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Council committee’s landlord ban displacing 17 North Minneapolis families

Ron Folger quit his day job to manage his rental property in North Minneapolis, but it was too little, too late.

In all, he owns 16 properties that house 17 families. But after having two rental licenses revoked this year, he is ineligible to have an interest in rental property for the next five years, according to a city ordinance.

The Regulatory, Energy and Environment Committee voted Monday to approve the five-year ban that will block Folger from owning rental property while onlookers cried out, “Heartless,” and “You should be ashamed of yourselves.”

The two rental licenses he lost — which triggered the five-year ban — were not based on a failure to maintain the property.

Rather, Folger explained, one tenant was guilty of disorderly use of narcotics, and another changed the locks and failed to allow inspection of the dwelling. Folger did not contest the two revocations.

Notice that the rental licenses were in danger was sent to Folger and posted at his properties on Aug. 15. 

“I have some great people,” said Folger in reference to his tenants who now apparently are having difficulties finding other places to live. He told council members that some have looked for three or four weeks, but with North Side housing damaged in the spring tornado, “there is nowhere to go.”

To further complicate matters, many vacant buildings in the area have been targets for thieves eager to cash in on the high price of copper. 

The eviction of tenants was stayed 90 days, with the possibility of extending that deadline.  Council Member Elizabeth Glidden assured tenants in the chambers that social service agencies would work to help them find new housing.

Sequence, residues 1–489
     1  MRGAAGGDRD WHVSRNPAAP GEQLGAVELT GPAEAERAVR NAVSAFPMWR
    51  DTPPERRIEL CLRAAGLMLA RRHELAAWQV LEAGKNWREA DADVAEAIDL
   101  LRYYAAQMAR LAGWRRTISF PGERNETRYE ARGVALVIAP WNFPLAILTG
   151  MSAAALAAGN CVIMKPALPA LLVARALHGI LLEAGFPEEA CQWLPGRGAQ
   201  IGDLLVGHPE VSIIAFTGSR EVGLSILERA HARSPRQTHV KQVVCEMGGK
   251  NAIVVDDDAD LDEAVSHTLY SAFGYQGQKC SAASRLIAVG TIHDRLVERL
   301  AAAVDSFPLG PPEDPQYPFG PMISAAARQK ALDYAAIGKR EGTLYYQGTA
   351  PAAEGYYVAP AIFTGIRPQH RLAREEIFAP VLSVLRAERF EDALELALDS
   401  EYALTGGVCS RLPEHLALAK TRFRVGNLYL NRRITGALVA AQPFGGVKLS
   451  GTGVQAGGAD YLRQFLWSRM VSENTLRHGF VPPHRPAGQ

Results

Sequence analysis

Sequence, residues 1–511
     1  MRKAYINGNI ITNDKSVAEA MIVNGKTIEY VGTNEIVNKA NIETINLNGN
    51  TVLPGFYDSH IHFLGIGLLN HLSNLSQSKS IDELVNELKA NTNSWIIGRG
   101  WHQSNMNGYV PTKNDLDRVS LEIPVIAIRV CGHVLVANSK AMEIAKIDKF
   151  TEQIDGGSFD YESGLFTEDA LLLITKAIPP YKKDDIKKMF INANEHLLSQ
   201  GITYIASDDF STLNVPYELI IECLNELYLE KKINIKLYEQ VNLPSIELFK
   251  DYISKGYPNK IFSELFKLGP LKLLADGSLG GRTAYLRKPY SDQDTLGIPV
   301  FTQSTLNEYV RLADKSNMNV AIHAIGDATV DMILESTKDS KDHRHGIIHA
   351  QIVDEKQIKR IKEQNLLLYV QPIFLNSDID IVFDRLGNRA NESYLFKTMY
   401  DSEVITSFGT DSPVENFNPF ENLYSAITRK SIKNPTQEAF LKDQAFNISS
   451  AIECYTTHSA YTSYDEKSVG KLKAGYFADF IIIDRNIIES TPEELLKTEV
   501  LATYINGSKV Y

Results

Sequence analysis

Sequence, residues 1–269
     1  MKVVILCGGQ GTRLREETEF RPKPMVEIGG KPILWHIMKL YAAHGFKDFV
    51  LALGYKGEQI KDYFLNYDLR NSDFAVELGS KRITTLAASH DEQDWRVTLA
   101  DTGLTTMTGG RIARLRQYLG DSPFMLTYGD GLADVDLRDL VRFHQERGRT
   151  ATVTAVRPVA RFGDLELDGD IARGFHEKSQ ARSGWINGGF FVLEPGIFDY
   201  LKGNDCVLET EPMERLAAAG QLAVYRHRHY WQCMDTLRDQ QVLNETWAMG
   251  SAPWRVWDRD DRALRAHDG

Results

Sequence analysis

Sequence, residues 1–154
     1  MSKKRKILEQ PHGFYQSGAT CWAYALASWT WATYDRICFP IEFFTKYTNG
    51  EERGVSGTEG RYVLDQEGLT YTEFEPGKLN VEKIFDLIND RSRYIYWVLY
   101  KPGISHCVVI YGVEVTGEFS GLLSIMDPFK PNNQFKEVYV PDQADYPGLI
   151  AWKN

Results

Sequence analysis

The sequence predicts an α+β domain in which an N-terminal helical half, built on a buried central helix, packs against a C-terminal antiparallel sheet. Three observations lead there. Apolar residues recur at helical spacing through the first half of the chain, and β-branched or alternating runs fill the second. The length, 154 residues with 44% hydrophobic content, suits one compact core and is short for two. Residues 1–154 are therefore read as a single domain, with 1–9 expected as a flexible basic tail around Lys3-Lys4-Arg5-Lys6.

Folger has the option of taking the matter before the Minnesota Court of Appeals. “If I can save my property, I’ll do that,” he said.

“Procedure over justice,” said the Minnesota Tenants Union’s Peter Brown of the council action. “This ends up pushing out 17 families, and they obviously don’t care.”

Failed compliance checks
Earlier this year, Bobbie & Steve’s Autoworld, a Washington Avenue gas station and store, failed two youth alcohol-compliance checks within a month of each other.

The first failure occurred when the clerk didn’t ask the underage customer working with the Minneapolis police for an ID as he attempted to buy beer. The second time, a clerk asked for an ID and showed it to another clerk but sold beer to another underage customer also working with police.

Criminal charges have been filed against both clerks, and Bobby & Steve’s Autoworld has paid fines totaling $1,500.

In lieu of suspension of its license to sell beer, the establishment has accepted an additional $1,500 in sanctions with $500 due in 30 days and the additional $1,000 stayed one year.

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